Finland Wants a Spill Response Vessel to be Ready for "Dark Fleet" Risks

iStock image of a tanker
iStock / SHansche

Published Jun 9, 2024 11:08 PM by The Maritime Executive


Finland is raising the alarm over growing risks of a spill from Russia’s "dark fleet" of tankers, and it has vowed to push the European Union (EU) to invest in a standby response vessel specifically dedicated to the waters of the Gulf of Finland, which are not easy to navigate during winter.

The Nordic nation’s Ministry of Transport and Communications contends that with Russia resorting to using shadowy oil tankers that are unusually old, the risks of oil spills in the Baltic Sea and especially in the Gulf of Finland are real. The country estimates that on average, 70 old tankers with a capacity to transport more than 100,000 tons of crude oil each navigate through the Gulf of Finland every week. Analysis by the Norwegian Coastal Administration shows that the majority of these ships in the Baltic are significantly old, with an average age of 29 years.

Finnish authorities believe that the possibility of a spill is heightened in Baltic winter conditions, considering the older vessels are poorly equipped and not suited to ice navigation. The fact that the vessels frequently engage in ship-to-ship transfers further adds to the risk of incidents. In the event of a spill, recovery in ice conditions is more demanding and expensive than in open-water spills.

In response to this threat, Finland is pushing the European Maritime Safety Agency (EMSA) to acquire a standby vessel that is capable of navigating in ice and suited to conditions in the northern parts of the Baltic Sea.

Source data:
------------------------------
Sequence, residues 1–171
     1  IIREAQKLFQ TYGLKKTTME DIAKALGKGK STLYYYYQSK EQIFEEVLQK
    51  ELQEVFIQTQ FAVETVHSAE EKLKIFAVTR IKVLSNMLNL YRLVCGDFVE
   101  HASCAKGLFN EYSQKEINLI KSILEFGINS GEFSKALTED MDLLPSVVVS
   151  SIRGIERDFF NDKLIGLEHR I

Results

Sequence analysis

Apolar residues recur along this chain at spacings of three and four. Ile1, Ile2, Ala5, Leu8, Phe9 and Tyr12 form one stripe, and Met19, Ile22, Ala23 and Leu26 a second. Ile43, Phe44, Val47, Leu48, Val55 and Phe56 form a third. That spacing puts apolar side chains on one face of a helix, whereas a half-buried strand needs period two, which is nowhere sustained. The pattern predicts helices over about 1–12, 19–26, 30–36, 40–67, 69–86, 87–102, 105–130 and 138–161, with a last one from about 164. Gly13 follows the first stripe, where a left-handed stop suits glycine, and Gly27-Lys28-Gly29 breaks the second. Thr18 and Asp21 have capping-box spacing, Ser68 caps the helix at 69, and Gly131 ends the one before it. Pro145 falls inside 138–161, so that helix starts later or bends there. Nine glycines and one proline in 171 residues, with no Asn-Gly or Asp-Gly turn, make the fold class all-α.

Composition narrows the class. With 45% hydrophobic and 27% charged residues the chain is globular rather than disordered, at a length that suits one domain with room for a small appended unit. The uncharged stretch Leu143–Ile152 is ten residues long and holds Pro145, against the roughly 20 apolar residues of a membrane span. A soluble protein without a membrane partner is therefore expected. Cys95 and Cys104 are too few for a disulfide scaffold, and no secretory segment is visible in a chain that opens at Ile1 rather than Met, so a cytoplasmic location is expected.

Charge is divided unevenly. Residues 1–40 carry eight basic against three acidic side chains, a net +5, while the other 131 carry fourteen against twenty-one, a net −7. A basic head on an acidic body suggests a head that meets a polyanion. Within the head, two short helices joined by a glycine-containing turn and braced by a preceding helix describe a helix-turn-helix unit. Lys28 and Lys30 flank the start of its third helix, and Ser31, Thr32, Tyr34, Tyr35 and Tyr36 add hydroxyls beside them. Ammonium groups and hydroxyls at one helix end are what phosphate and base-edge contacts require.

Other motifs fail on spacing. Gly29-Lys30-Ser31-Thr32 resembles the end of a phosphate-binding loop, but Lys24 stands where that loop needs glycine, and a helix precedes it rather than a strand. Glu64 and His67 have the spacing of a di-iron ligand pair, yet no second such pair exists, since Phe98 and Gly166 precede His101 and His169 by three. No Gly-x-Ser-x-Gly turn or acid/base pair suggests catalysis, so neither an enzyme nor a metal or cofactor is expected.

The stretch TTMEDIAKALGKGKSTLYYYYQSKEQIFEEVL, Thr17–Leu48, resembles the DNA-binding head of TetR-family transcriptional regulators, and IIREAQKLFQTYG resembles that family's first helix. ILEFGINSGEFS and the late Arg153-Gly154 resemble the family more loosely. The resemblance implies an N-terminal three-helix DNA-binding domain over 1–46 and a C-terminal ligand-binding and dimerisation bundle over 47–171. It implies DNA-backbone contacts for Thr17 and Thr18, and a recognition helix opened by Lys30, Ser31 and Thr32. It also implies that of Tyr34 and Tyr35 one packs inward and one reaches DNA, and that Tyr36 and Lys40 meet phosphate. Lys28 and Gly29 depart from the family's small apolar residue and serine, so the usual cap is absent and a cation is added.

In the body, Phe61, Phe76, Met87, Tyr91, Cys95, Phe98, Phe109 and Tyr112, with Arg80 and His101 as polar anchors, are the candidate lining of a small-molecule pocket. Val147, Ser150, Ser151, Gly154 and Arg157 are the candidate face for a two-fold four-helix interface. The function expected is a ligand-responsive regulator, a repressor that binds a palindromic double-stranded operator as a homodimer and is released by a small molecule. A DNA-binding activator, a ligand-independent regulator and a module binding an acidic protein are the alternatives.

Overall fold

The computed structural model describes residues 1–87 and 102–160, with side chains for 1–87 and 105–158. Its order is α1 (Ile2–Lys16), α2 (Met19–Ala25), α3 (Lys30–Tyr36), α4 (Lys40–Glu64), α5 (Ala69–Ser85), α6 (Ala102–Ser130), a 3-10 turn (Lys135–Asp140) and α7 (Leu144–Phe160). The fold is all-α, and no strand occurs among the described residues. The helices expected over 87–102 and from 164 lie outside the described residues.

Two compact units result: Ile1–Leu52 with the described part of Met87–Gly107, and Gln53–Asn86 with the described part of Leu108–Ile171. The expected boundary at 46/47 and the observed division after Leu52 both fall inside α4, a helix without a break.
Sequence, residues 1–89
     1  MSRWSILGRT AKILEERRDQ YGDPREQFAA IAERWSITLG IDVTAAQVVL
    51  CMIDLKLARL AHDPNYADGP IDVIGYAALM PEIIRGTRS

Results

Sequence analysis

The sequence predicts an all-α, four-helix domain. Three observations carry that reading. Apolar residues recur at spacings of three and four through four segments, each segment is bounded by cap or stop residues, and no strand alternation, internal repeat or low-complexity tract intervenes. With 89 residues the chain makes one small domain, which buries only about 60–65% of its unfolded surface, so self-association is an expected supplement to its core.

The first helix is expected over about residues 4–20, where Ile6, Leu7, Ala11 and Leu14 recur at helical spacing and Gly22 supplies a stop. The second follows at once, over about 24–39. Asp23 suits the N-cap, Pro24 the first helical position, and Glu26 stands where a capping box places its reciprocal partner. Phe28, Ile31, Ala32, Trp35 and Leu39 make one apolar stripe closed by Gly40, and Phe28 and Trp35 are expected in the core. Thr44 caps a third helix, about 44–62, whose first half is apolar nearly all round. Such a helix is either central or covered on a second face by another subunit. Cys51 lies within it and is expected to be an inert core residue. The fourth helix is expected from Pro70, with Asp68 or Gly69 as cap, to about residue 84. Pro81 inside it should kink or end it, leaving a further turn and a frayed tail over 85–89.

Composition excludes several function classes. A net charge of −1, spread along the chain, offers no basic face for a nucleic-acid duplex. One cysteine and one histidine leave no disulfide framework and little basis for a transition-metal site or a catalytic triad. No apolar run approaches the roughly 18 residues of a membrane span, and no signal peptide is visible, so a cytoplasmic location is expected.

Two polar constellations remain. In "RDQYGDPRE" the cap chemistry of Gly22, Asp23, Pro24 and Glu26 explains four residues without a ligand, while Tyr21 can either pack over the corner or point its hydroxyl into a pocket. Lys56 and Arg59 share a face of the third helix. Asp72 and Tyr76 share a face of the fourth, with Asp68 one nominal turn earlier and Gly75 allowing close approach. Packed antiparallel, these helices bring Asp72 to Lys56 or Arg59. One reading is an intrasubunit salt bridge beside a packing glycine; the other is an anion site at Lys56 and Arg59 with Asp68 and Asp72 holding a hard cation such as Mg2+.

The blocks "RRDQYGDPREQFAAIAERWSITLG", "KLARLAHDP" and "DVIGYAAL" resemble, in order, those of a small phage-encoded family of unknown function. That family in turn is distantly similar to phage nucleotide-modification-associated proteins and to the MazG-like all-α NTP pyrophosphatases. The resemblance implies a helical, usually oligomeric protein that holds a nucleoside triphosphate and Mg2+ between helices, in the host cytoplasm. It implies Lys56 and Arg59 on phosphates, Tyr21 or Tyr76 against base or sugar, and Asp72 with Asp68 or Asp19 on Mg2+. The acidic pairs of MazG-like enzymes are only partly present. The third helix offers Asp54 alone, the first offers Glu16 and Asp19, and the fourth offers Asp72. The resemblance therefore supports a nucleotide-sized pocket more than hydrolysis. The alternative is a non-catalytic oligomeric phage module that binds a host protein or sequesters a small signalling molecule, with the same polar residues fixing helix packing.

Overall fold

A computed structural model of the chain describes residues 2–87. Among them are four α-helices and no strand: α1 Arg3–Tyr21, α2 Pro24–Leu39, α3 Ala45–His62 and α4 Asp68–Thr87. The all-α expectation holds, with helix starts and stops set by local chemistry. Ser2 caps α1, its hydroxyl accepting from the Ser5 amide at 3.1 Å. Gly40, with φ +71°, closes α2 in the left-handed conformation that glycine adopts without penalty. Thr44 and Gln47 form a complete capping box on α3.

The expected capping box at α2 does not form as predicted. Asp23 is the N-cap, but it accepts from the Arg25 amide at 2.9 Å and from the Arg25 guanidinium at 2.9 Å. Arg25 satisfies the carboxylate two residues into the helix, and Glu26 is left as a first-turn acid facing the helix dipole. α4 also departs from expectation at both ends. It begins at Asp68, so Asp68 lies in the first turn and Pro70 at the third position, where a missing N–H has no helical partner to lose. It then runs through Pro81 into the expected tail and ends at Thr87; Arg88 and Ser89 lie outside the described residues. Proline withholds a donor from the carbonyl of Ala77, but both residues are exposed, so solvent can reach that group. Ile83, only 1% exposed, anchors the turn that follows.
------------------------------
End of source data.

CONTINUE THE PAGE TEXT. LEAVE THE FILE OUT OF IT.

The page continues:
Currently, EMSA has a network of 14 oil spill response vessels, but only one of them is stationed in the southern parts of the Baltic Sea. The network has been established through contracts with commercial operators, and although they continue to carry out commercial operations, they cease normal activities and mobilize anywhere in European waters and shared sea basins in the event of an oil spill.

“Finland feels that the EMSA should contract a new vessel for the northern parts of the Baltic Sea in addition to the existing vessel stationed in the southern parts,” said the Ministry of Transport in a statement.

It added that having a dedicated vessel for the northern part of the Baltic is critical and will ensure that EMSA spreads its network of stand-by oil spill response vessels more evenly across European waters.